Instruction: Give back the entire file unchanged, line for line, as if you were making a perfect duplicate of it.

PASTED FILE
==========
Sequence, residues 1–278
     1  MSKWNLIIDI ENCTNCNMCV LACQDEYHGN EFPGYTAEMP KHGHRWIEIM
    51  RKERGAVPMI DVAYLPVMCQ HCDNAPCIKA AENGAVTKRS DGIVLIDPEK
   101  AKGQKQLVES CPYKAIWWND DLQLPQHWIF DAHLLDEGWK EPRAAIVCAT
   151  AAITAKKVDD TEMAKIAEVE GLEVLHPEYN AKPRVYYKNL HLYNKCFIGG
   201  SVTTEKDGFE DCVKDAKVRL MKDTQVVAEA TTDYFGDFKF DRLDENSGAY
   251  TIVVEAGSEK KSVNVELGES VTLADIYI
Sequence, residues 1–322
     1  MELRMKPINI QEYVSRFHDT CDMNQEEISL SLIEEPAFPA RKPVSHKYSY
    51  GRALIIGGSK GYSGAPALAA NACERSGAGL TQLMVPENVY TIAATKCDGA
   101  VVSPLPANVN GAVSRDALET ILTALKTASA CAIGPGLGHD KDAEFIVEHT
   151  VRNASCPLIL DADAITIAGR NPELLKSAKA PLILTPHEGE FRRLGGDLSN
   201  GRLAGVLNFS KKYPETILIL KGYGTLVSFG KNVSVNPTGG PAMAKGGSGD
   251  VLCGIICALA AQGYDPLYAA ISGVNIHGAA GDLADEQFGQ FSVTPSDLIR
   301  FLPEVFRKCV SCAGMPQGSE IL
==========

Sequence, residues 1–278
     1  MSKWNLIIDI ENCTNCNMCV LACQDEYHGN EFPGYTAEMP KHGHRWIEIM
    51  RKERGAVPMI DVAYLPVMCQ HCDNAPCIKA AENGAVTKRS DGIVLIDPEK
   101  AKGQKQLVES CPYKAIWWND DLQLPQHWIF DAHLLDEGWK EPRAAIVCAT
   151  AAITAKKVDD TEMAKIAEVE GLEVLHPEYN AKPRVYYKNL HLYNKCFIGG
   201  SVTTEKDGFE DCVKDAKVRL MKDTQVVAEA TTDYFGDFKF DRLDENSGAY
   251  TIVVEAGSEK KSVNVELGES VTLADIYI
Sequence, residues 1–322
     1  MELRMKPINI QEYVSRFHDT CDMNQEEISL SLIEEPAFPA RKPVSHKYSY
    51  GRALIIGGSK GYSGAPALAA NACERSGAGL TQLMVPENVY TIAATKCDGA
   101  VVSPLPANVN GAVSRDALET ILTALKTASA CAIGPGLGHD KDAEFIVEHT
   151  VRNASCPLIL DADAITIAGR NPELLKSAKA PLILTPHEGE FRRLGGDLSN
   201  GRLAGVLNFS KKYPETILIL KGYGTLVSFG KNVSVNPTGG PAMAKGGSGD
   251  VLCGIICALA AQGYDPLYAA ISGVNIHGAA GDLADEQFGQ FSVTPSDLIR
   301  FLPEVFRKCV SCAGMPQGSE IL